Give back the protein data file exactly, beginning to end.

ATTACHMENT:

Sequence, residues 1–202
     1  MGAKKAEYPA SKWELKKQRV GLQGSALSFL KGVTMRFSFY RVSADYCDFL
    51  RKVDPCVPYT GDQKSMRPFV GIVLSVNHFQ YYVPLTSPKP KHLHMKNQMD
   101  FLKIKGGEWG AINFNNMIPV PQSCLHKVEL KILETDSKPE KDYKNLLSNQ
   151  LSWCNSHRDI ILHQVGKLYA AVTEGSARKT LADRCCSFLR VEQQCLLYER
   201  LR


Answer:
Sequence, residues 1–202
     1  MGAKKAEYPA SKWELKKQRV GLQGSALSFL KGVTMRFSFY RVSADYCDFL
    51  RKVDPCVPYT GDQKSMRPFV GIVLSVNHFQ YYVPLTSPKP KHLHMKNQMD
   101  FLKIKGGEWG AINFNNMIPV PQSCLHKVEL KILETDSKPE KDYKNLLSNQ
   151  LSWCNSHRDI ILHQVGKLYA AVTEGSARKT LADRCCSFLR VEQQCLLYER
   201  LR